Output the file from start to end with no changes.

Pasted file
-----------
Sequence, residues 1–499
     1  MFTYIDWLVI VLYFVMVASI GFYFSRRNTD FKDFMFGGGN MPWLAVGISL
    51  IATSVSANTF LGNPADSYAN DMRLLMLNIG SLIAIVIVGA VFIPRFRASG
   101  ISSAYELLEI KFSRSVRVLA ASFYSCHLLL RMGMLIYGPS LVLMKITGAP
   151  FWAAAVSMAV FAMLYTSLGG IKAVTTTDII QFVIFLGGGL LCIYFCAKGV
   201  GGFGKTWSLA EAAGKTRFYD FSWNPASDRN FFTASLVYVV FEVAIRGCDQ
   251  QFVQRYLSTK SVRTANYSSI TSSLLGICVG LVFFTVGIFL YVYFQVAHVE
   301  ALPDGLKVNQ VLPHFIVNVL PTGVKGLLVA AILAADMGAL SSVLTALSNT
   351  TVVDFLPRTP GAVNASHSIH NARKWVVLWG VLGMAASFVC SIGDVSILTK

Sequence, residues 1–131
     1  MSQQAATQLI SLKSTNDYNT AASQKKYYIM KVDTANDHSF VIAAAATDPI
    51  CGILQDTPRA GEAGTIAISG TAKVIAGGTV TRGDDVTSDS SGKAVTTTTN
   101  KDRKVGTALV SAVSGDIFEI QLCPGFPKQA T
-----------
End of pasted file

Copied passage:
Sequence, residues 1–499
     1  MFTYIDWLVI VLYFVMVASI GFYFSRRNTD FKDFMFGGGN MPWLAVGISL
    51  IATSVSANTF LGNPADSYAN DMRLLMLNIG SLIAIVIVGA VFIPRFRASG
   101  ISSAYELLEI KFSRSVRVLA ASFYSCHLLL RMGMLIYGPS LVLMKITGAP
   151  FWAAAVSMAV FAMLYTSLGG IKAVTTTDII QFVIFLGGGL LCIYFCAKGV
   201  GGFGKTWSLA EAAGKTRFYD FSWNPASDRN FFTASLVYVV FEVAIRGCDQ
   251  QFVQRYLSTK SVRTANYSSI TSSLLGICVG LVFFTVGIFL YVYFQVAHVE
   301  ALPDGLKVNQ VLPHFIVNVL PTGVKGLLVA AILAADMGAL SSVLTALSNT
   351  TVVDFLPRTP GAVNASHSIH NARKWVVLWG VLGMAASFVC SIGDVSILTK

Sequence, residues 1–131
     1  MSQQAATQLI SLKSTNDYNT AASQKKYYIM KVDTANDHSF VIAAAATDPI
    51  CGILQDTPRA GEAGTIAISG TAKVIAGGTV TRGDDVTSDS SGKAVTTTTN
   101  KDRKVGTALV SAVSGDIFEI QLCPGFPKQA T